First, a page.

Party Like It’s 1799: Traditional Cider Makes A Comeback

Chuck Shelton in the cold room at Albemarle CiderWorks in Virginia, which makes sparkling alcoholic cider with some of the same apple varieties used by Thomas Jefferson.

Feeling extra American this week? Wanna keep that post-turkey glow going? Well, how about a very American beverage: cider?

We’re not talking about the hot mulled stuff that steams up your kitchen, or the sweet pub draft in a pint glass. This cider is more like sparkling wine.

“This is a phenomenally funky, sour, even mildly smoky cider that has to be tasted to be believed,” says Greg Engert, one of the owners of a bar in Washington called ChurchKey. He’s pouring cider from a tall champagne-style bottle that retails for around $15.

ChurchKey is a bar known for beer, but on this night, lots of people are drinking cider.

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Nigerian Police Destroy 240,000 Bottles of Beer in Public Display of Strict Islamic Law

Now we KNOW fundamentalist Islam can be evil -PGA

Police enforcing strict Islamic law in Nigeria publicly destroyed more than 240,000 bottles of beer in an attempt to crack down on alcohol consumption and other “immoral” behavior in the area, an official said Thursday.

The Hisbah patrol shouted “Allahu Ahkbar” — God is great — during a lively ceremony attended by government officials in the city of Kano on Wednesday, a spokesperson for the group told NBC News by telephone.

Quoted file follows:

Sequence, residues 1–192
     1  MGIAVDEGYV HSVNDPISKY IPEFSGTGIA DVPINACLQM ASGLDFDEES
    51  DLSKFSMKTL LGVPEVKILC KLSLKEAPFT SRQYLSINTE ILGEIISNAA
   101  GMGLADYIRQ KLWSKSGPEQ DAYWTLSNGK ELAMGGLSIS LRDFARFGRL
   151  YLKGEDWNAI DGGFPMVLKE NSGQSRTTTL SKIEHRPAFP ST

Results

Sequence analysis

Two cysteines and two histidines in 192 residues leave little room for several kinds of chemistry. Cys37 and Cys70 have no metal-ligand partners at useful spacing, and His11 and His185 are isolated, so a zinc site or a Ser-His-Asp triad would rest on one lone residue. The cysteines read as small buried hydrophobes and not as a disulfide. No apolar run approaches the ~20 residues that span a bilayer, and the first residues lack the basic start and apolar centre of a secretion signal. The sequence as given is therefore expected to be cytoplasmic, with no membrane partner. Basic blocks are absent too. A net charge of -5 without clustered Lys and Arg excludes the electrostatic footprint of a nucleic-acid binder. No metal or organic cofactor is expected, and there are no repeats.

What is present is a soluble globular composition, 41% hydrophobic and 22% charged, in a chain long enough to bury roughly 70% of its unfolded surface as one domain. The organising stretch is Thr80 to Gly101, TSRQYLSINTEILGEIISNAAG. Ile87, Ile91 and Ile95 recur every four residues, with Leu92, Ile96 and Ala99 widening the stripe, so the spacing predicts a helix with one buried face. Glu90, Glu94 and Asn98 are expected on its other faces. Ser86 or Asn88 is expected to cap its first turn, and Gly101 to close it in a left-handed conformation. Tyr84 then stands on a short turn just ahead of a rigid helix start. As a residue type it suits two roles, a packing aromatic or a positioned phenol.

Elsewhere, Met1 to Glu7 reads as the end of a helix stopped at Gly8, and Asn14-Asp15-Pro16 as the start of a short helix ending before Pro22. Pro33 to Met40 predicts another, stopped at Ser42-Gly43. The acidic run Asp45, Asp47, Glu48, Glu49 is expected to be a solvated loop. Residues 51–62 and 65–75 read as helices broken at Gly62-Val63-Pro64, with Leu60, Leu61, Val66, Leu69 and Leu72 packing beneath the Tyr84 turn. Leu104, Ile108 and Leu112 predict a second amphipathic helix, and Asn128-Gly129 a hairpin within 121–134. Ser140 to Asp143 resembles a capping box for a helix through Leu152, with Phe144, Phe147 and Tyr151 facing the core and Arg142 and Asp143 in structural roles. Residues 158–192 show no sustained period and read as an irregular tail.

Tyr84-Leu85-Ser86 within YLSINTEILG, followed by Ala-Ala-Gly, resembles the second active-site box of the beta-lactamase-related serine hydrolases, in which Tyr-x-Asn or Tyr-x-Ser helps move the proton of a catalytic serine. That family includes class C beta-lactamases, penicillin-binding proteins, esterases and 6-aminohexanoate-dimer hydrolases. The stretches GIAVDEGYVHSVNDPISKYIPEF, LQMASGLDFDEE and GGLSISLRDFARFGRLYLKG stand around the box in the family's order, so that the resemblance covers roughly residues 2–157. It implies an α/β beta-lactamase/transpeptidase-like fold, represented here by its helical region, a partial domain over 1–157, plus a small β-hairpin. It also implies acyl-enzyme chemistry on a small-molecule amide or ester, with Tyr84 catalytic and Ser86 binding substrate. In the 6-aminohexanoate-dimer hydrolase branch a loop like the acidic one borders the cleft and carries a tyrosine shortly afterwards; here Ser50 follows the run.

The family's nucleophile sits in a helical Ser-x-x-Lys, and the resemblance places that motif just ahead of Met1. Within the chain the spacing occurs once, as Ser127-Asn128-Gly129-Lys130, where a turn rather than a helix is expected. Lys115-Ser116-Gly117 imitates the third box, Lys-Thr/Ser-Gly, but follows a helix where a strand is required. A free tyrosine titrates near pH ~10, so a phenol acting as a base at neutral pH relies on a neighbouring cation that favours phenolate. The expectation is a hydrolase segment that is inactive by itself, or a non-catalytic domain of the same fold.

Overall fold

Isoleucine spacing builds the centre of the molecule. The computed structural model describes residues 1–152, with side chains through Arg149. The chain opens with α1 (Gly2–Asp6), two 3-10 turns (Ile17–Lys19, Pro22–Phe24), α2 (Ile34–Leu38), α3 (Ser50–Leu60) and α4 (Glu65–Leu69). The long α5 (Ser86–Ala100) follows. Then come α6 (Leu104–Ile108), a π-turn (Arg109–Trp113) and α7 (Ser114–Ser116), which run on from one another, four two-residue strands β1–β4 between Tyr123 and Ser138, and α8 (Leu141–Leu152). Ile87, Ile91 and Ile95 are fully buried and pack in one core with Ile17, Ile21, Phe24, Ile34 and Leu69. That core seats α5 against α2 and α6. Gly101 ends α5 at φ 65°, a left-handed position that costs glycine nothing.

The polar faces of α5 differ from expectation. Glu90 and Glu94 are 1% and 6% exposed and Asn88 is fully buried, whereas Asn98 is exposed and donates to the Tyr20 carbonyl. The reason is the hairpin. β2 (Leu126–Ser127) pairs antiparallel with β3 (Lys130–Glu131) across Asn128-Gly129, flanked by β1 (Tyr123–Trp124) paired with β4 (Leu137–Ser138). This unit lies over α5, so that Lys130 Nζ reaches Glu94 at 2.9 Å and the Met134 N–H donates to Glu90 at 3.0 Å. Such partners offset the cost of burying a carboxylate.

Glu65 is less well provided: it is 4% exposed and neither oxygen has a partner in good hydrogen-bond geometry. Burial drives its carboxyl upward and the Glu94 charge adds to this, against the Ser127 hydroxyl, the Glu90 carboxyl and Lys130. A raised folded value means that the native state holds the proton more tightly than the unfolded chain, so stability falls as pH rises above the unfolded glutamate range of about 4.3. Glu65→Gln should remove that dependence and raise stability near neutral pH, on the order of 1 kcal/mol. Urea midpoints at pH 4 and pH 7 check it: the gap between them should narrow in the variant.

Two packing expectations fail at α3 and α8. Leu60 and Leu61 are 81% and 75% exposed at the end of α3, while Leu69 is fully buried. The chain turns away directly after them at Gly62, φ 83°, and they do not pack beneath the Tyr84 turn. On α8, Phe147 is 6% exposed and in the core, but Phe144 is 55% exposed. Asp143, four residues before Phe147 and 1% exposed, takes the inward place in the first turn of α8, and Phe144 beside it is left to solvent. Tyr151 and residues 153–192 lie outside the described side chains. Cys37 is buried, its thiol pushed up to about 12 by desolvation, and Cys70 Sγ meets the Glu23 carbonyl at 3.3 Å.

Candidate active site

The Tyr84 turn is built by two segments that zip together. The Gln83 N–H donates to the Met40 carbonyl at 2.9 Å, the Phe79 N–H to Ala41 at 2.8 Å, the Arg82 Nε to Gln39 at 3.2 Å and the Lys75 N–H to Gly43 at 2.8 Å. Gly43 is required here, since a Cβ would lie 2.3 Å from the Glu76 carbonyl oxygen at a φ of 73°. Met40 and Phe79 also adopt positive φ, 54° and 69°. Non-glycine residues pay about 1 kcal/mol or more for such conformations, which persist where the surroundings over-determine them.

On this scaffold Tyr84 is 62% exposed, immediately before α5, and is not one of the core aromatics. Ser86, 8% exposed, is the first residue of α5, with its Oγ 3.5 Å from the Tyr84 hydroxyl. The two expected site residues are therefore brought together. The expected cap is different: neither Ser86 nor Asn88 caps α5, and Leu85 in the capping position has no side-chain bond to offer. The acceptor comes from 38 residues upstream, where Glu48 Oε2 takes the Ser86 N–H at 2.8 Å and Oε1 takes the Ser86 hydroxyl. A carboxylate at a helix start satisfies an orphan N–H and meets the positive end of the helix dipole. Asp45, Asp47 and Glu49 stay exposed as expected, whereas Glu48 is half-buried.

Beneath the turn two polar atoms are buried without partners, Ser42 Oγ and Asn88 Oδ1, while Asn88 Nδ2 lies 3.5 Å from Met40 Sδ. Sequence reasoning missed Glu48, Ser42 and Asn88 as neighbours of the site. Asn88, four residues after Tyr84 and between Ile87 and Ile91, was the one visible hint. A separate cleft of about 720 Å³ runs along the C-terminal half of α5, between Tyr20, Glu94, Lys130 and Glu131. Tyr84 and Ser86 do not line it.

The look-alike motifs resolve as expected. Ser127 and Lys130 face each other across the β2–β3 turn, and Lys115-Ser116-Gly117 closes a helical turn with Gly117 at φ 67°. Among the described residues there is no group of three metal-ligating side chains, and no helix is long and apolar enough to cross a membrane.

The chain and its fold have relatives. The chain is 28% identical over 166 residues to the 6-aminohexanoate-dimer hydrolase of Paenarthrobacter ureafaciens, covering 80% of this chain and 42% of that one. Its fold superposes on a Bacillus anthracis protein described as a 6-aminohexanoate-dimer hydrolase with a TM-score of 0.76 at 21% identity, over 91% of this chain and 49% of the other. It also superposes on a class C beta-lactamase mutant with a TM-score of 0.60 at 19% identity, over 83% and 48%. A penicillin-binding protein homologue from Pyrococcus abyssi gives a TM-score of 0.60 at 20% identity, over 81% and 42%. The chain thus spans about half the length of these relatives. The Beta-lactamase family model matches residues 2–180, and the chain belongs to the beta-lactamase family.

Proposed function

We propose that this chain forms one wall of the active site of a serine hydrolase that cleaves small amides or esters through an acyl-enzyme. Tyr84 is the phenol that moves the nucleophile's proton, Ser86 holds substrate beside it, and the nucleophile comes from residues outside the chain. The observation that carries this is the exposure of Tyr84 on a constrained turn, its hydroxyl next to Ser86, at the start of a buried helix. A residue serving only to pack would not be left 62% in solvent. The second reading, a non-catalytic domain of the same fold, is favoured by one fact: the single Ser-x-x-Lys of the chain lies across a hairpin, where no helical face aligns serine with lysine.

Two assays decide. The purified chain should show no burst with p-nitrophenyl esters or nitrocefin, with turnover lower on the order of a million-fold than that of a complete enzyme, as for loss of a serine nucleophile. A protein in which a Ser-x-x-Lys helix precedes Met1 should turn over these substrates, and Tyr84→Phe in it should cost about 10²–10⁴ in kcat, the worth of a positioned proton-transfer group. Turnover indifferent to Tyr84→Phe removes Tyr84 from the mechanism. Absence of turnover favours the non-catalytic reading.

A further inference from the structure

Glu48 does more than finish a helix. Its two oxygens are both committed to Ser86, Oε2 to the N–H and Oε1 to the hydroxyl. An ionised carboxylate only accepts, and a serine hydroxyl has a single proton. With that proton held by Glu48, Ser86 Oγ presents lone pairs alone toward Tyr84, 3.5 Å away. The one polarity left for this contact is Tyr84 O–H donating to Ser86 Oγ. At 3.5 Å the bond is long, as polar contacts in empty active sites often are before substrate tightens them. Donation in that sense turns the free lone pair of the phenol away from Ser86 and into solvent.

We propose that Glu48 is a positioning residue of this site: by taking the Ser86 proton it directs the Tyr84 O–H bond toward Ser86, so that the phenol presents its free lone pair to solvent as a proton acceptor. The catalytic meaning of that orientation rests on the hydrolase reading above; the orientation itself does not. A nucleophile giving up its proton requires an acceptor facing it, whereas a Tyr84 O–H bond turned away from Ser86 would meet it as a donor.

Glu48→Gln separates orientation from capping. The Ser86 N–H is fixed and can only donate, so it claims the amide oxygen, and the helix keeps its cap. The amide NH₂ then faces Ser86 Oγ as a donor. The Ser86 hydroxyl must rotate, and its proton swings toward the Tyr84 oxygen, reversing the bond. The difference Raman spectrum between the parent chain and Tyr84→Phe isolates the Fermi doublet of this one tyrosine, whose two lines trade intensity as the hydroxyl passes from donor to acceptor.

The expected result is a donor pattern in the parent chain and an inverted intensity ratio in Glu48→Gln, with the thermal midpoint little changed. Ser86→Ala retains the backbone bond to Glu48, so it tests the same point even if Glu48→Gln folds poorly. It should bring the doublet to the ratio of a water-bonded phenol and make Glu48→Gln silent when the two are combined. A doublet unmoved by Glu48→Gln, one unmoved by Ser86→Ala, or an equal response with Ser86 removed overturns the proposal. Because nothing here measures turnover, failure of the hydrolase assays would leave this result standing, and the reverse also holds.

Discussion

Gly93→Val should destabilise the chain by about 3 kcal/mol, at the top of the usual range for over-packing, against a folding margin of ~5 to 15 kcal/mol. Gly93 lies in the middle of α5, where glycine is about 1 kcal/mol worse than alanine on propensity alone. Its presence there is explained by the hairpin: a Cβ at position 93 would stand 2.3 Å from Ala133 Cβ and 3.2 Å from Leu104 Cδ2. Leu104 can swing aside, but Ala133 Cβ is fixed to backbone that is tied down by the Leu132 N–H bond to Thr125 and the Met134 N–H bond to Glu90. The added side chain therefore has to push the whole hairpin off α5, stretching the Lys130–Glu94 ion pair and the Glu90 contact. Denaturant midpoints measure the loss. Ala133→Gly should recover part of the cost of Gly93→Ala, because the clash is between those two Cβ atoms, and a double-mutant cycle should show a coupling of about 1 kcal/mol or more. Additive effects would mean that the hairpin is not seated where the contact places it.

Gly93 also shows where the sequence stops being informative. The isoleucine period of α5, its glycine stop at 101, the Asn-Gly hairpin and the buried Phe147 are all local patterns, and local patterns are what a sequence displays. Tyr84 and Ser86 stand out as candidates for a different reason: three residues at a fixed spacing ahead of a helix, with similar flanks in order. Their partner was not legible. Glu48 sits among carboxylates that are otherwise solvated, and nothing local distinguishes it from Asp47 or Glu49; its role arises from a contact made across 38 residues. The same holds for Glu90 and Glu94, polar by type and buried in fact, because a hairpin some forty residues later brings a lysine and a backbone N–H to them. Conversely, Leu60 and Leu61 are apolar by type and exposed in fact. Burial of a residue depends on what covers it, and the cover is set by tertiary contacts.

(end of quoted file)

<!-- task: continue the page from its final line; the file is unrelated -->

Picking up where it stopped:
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Sonic Foamer Blasts Bubbles into Your Beer for Flavor

Sonic Foamer

Generally, Americans are trained to pour their beers down the side of a glass, minimizing the foam. The makers of the Sonic Foamer, a bubble-inducing beer gadget, are on a mission to change all that. The device claims to improve the flavor of beer by boosting the aroma through the power of ultrasonic frequencies.

The first thing I had to do before testing the $39.99 Sonic Foamer was get rid of my preconceived notions about avoiding a big head on a beer. I had to mentally embrace the foam. I then took the device over to the most expert beer taster I know: my home-brewing scientist brother.

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Beer Profile: Reunion Ale

Profiled by Ken Carman for the Professor

A Schmaltz Brewing and Terrapin collaboration.

Beer-Profile1-258x300This starts out very dry, with cocoa nibs providing the dryness.

Appearance is a light tan, dense foamy head, pillow-like with a small rock bubble or two. Clarity tough to tell with chill haze and deep ruby brown highlights.